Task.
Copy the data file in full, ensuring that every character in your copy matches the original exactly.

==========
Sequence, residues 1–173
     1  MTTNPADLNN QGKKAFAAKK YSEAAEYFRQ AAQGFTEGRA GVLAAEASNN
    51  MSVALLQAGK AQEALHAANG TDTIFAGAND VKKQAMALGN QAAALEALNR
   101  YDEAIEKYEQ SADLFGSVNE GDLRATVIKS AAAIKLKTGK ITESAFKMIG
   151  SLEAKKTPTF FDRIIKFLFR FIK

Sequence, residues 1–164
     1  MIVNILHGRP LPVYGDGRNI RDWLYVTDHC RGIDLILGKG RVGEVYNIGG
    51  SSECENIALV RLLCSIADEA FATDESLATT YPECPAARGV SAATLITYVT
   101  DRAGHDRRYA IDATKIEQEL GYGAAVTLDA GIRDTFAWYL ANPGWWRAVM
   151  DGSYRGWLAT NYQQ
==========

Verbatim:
Sequence, residues 1–173
     1  MTTNPADLNN QGKKAFAAKK YSEAAEYFRQ AAQGFTEGRA GVLAAEASNN
    51  MSVALLQAGK AQEALHAANG TDTIFAGAND VKKQAMALGN QAAALEALNR
   101  YDEAIEKYEQ SADLFGSVNE GDLRATVIKS AAAIKLKTGK ITESAFKMIG
   151  SLEAKKTPTF FDRIIKFLFR FIK

Sequence, residues 1–164
     1  MIVNILHGRP LPVYGDGRNI RDWLYVTDHC RGIDLILGKG RVGEVYNIGG
    51  SSECENIALV RLLCSIADEA FATDESLATT YPECPAARGV SAATLITYVT
   101  DRAGHDRRYA IDATKIEQEL GYGAAVTLDA GIRDTFAWYL ANPGWWRAVM
   151  DGSYRGWLAT NYQQ